In 2005, the cast of The Office settled into a nondescript office space in Culver City, California, for a read-through of the pilot episode. When the actors were finished, studio and network executives asked to see the show’s set. You’re sitting in it, they were told.
Therein lies the magic of The Office, which premiered 15 years ago on March 24 and still maintains a fiercely devoted following long after going off the air. The series followed employees at the fictional Dunder Mifflin Paper Company in Scranton, Pennsylvania, and found joy and heartache in life’s small, ordinary moments. In order for that to happen, a hyper-realistic world needed to be built.
Steve Rostine, the show’s set decorator, was given the task of bringing this unremarkable universe to life. “It’s very hard to create these middle-of-the road environments because you don’t want your set to be the star,” Rostine tells AD.
He bought institutional-looking artwork for the walls and tracked down old desks with matching credenzas from a bank. The problem was, the desks looked a little too nice. Rostine gave them to a carpenter, who roughed them up, then sawed off the edges so they could be crammed together. Dunder Mifflin ended up feeling so much like a real office that visitors would sometimes try to use the bathrooms, which—much to their misfortune—didn’t actually work.
After the first season wrapped, creator/showrunner Greg Daniels moved the set to Chandler Valley Center Studios, a squat gray building in the San Fernando Valley. “He didn’t want the show to be shot on a studio lot with a bunch of other sitcoms,” Matt Flynn, the series’ art director and production designer, recalls. “He didn’t want that sitcom feel to rub off on The Office.”
Ken Kwapis, who directed 13 episodes, including the pilot, adds: “The area where we shot is very scrubby and industrial, and I think the only other film production that went on there was porn. It helped the cast feel like we weren’t making something in a Hollywood studio.”
The office had an open floor plan so the camera could capture all of the actors at any time. Everyone had to be on set and in character during each scene, whether they had lines or not. “At any given point the camera might pan to find a reaction from Angela deep in the corner or at the opposite end where Leslie sits,” Kwapis says. (Exceptions were Mindy Kaling, Paul Lieberstein, and B.J. Novak, who were also writers, and were placed in back cubicles so they could slip away to work on a script.)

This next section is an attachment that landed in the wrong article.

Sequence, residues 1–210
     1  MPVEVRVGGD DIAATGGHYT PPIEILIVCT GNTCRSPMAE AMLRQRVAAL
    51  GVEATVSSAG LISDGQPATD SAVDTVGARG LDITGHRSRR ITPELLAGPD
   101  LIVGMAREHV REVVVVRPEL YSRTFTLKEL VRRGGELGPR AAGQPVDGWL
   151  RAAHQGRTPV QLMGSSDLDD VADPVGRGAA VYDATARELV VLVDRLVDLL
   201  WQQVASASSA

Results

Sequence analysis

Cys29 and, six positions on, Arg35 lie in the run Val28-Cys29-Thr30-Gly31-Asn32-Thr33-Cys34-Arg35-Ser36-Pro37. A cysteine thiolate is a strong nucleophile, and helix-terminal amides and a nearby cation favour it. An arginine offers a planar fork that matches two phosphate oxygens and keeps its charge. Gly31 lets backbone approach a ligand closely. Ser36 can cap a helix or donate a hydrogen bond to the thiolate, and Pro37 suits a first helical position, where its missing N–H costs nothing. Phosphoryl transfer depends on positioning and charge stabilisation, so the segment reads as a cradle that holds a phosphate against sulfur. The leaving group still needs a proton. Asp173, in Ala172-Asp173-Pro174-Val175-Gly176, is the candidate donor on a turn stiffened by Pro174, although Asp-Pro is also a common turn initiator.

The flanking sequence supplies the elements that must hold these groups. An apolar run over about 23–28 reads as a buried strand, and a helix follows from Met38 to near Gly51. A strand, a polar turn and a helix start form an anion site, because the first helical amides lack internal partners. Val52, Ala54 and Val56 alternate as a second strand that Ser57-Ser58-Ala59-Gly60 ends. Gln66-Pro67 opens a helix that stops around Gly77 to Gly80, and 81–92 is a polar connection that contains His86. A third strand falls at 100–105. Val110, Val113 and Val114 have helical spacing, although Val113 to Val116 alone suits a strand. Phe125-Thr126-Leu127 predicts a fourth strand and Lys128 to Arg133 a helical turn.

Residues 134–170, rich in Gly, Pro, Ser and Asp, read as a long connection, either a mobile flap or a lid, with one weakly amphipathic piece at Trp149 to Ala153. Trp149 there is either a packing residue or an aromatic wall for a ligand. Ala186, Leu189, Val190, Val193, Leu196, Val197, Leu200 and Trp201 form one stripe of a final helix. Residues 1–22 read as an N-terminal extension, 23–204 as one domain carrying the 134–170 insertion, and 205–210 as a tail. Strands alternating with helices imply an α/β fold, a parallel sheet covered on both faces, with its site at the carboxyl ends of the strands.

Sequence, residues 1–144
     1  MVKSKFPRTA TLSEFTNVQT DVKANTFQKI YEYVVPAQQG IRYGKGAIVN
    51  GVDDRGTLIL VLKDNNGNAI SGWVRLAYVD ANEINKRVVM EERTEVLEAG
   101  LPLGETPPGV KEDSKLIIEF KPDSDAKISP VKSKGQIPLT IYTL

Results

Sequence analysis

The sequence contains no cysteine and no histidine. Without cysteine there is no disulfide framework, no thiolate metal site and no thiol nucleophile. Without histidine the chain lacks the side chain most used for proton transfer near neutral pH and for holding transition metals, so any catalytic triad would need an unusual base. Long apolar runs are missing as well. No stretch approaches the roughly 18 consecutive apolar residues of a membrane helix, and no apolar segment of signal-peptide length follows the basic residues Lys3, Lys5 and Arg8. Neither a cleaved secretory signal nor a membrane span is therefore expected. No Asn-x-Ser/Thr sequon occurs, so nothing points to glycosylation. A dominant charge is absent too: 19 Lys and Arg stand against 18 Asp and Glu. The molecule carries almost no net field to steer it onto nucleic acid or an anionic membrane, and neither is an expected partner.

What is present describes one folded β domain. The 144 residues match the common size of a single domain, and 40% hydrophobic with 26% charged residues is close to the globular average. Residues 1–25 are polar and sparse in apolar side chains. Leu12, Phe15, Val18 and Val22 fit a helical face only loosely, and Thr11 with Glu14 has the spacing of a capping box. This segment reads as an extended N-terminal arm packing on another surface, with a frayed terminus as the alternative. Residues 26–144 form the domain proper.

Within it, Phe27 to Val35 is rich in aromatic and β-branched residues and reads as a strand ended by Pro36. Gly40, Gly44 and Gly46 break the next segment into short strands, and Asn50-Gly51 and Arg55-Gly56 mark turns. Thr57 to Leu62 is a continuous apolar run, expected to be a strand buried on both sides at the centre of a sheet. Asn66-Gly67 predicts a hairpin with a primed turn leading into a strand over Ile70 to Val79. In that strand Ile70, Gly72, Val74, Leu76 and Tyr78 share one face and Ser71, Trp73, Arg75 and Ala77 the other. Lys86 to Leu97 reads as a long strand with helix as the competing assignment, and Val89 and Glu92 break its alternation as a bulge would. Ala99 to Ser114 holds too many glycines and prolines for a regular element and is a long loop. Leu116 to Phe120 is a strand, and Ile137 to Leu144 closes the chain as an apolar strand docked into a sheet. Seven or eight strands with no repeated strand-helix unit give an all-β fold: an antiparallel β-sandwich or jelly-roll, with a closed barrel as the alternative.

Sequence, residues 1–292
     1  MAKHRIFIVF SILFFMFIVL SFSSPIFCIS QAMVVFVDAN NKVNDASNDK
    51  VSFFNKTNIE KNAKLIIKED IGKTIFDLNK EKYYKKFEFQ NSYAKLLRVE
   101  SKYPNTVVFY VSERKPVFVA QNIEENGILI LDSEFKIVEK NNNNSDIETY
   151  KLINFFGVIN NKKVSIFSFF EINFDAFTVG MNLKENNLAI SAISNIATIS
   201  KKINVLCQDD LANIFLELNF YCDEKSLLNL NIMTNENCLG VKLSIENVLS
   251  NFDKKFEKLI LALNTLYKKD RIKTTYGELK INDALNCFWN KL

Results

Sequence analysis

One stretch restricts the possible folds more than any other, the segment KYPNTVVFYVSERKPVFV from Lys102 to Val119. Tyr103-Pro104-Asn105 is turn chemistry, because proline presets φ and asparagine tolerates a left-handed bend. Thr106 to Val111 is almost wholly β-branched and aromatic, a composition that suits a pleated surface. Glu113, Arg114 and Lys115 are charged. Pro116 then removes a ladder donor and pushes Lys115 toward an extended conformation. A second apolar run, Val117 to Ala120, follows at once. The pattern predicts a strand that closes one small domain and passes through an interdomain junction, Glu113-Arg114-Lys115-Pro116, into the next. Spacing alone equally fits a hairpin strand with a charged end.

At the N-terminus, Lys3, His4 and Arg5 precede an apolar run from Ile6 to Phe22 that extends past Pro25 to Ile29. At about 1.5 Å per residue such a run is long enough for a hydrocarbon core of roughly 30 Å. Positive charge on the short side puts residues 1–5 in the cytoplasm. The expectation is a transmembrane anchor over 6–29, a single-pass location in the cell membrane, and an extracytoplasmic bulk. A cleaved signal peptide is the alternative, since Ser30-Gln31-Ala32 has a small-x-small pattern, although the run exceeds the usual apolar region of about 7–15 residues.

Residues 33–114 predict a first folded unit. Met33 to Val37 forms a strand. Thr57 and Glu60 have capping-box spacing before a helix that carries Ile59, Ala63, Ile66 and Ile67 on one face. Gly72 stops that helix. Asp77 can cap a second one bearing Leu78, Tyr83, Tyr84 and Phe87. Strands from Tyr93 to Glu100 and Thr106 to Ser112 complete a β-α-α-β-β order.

Over at reception, romantic tension between the characters Jim (John Krasinski) and Pam (Jenna Fischer) was heightened through a carefully mapped out desk configuration. The actors were placed perpendicular to each other, with Pam’s desk facing Jim and Jim’s desk facing away from hers, so he’d have to purposely swing around to look at her.
Kwapis and Daniels decided that the conference room—used for many uncomfortable lectures led by Steve Carell’s Michael Scott—shouldn’t have movable walls, which meant actors and crew were forced to cram into the tight space. “To reinforce the idea that we were documenting a real workplace, there were no modular elements,” Kwapis recalls. “The camera team and directors had to respect the physical parameters of the space.”
Every effort was made to keep The Office grounded in its Pennsylvania roots. Phil Shea, the prop master, flew to Scranton and met with the Chamber of Commerce, which led to a flurry of donations. Local businesses sent notepads, Froggy 101 Radio offered stickers, and Michael’s beloved neon sign was courtesy of a Scranton beer company. Eagle-eyed fans might notice that the vending machine was stocked with potato chips from Herr’s, a Pennsylvania-based company. “It made a huge difference,” Rostine says. “Anything you can do that gives the actors a little something to hang on to enhances their ability to find who the characters are.”
When the team replicated a real Scranton venue, like the pub Poor Richard’s or the seafood restaurant Cooper’s, they would ask the Chamber of Commerce to send pictures of the interiors for reference. “You’re trying to create a reality,” Rostine explains.
It was crucial that the exterior shots feel like Scranton, too. Flynn recalls paying property owners on the street where the show was filmed in exchange for cutting down palm trees and planting greenery with a more Pennsylvania feel. When the team tracked down an area that felt like the East Coast (for example, a historic spot filled with Victorian homes that doubled as Holly Flax’s new neighborhood), they’d return again and again.
Details were everything. The writers decided that Jim would propose to Pam at a gas station halfway between New York City and Scranton, so Michael Gallenberg, the show’s production designer at the time, flew out to visit a Connecticut gas station along Merritt Parkway to take pictures. The team then recreated that location on an empty asphalt parking lot in Los Angeles, down to the same gas pumps.
To the viewer, it might seem like the office set stayed frozen in time. But when Kwapis returned to direct the show’s finale, he was surprised by how much the space had changed: “It was circling back to something I helped design and then at the same time, it felt like I was discovering it anew.” Details had been layered in, like the characters who had gotten married and had kids, their new lives displayed on desks.
Saying a final goodbye to that office proved difficult. “I think everyone was very emotional, realizing that after we wrapped the finale, the set was going to be scrapped,” Kwapis says. All these years later, the world of Dunder Mifflin Paper Company has stayed with the director. “I have nothing but fond memories of that scrubby little building and scrubby parking lot,” he says. “It was so perfectly bland.”
Originally Appeared on Architectural Digest